I think we are tired of being lied to, but I also think we go from one extreme to the other. We don’t want to believe anything that sounds outlandish, because we’ve been duped before and our pride got hurt too. But here again, the truth can be bizarre. There are many, many instances in history where information was dismissed as outlandish and later proven true.

I don’t know the answer. I sincerely wish that I lived in a perfect world and could trust everybody. Time seems to be the best way to prove the validity of something. But, in the meantime, I don’t think being overly cynical is much better than being too trusting. I’m not going to immediately fall for every conspiracy theory, but I’m not going to dismiss every crazy sounding thing as being utterly impossible either.

….. and I’m still not getting a microwave.

Ode to Yoga Pants

Shhhhh! I began a secret love affair with elastic after trying on my first pair of maternity pants. I only reluctantly stopped wearing them, apprehensive about appearing perpetually pregnant.

Along came the years of comfortable jeans. I never ventured into the world of sweatpants, noooo sir, for fear I would never come back. I knew that for me, sweatpants would lead me down the path of No Return. They are like the marijuana of clothes, leading eventually to house-slippers, dirty ponytails, and tube-tops for hard-core dressers. I knew my weaknesses all too well. I had to “just say no.”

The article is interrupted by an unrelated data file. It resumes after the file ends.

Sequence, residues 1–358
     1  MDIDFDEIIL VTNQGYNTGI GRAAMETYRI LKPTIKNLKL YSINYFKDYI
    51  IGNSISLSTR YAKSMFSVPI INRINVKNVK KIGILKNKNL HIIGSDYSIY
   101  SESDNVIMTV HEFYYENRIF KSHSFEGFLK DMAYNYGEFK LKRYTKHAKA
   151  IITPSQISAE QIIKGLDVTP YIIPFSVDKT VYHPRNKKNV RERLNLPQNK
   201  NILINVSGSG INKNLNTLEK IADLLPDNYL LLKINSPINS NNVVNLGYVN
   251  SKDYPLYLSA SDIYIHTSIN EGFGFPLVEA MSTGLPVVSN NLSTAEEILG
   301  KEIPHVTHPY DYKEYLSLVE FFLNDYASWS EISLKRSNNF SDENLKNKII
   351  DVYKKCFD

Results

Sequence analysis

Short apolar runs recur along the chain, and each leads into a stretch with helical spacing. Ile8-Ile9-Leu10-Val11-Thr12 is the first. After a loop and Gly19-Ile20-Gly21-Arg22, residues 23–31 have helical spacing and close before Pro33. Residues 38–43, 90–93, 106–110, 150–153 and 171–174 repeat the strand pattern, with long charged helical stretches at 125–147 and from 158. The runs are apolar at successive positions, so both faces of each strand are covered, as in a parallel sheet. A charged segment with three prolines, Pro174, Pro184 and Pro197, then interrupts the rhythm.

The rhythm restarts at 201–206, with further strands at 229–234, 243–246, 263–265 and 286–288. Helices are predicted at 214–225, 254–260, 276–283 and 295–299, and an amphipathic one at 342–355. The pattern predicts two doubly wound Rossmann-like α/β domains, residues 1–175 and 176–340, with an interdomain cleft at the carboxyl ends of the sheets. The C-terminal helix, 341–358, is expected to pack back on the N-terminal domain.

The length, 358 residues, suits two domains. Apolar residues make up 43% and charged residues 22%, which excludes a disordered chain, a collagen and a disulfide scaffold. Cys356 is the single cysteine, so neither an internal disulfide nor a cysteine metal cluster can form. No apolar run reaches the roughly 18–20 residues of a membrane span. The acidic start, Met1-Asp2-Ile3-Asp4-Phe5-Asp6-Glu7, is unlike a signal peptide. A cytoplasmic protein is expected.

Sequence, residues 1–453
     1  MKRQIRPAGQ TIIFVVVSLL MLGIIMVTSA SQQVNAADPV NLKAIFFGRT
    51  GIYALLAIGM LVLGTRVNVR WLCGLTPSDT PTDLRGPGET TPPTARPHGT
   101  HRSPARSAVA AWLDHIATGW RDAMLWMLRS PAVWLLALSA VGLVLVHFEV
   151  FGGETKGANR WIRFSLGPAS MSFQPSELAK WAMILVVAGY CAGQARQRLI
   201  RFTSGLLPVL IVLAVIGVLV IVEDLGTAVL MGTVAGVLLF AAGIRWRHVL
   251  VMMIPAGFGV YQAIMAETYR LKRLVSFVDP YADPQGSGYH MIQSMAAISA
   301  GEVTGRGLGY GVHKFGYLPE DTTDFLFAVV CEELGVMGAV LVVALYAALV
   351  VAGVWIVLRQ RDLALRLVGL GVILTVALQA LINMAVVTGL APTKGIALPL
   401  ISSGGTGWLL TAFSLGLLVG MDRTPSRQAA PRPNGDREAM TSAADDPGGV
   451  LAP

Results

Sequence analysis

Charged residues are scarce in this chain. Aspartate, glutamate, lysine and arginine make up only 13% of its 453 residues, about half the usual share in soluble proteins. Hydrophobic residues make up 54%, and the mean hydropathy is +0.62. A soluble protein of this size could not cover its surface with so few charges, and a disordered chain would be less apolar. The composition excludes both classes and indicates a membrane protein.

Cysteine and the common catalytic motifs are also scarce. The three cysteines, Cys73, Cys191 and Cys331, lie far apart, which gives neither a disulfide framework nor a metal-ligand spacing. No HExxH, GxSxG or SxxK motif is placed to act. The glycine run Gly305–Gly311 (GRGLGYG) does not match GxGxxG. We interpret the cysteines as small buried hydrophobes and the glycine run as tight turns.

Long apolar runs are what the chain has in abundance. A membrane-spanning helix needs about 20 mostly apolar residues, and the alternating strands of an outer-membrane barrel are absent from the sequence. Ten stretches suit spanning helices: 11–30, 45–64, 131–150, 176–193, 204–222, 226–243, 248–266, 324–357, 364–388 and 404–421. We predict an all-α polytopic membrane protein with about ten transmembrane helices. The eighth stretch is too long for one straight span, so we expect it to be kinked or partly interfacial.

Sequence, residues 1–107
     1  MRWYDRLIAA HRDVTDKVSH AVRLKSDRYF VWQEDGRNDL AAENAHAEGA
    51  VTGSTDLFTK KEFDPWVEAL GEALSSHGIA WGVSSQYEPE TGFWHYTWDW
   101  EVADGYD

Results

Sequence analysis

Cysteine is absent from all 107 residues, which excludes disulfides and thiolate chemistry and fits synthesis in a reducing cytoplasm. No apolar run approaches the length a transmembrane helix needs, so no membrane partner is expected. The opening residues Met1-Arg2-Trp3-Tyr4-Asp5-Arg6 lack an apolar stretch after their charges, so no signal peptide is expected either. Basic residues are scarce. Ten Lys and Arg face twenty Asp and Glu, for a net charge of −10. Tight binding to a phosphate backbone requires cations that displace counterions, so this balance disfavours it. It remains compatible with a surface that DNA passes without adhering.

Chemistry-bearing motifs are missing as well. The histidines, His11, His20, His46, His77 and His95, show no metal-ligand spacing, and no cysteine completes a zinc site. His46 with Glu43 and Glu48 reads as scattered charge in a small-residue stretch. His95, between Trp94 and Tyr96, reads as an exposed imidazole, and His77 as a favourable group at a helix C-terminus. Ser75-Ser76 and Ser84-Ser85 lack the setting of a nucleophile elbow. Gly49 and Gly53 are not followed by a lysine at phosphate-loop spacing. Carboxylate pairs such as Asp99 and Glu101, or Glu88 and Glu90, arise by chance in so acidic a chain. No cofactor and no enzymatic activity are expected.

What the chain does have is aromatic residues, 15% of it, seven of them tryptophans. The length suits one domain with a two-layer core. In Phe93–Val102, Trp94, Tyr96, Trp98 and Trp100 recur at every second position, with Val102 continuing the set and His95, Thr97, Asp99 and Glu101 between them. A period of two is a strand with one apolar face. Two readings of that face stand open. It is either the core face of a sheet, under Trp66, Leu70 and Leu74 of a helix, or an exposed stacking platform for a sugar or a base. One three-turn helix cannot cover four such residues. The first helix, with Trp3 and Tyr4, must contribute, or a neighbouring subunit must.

One day I had a resolution to exercise. My biggest hurdle was the all important question, “What am I going to wear?”

It was then that I discovered yoga pants. They changed my life.

It was like wearing elastic from the waist down. Enough control to calm the jiggle of cellulite, enough stretch to not constrict. Perfection in pants to create an outward transformation. Without one single leg-lift or squat I at once created the aura of exercise. I found what I had looked for my whole life: The illusion of health. Who needs the gym?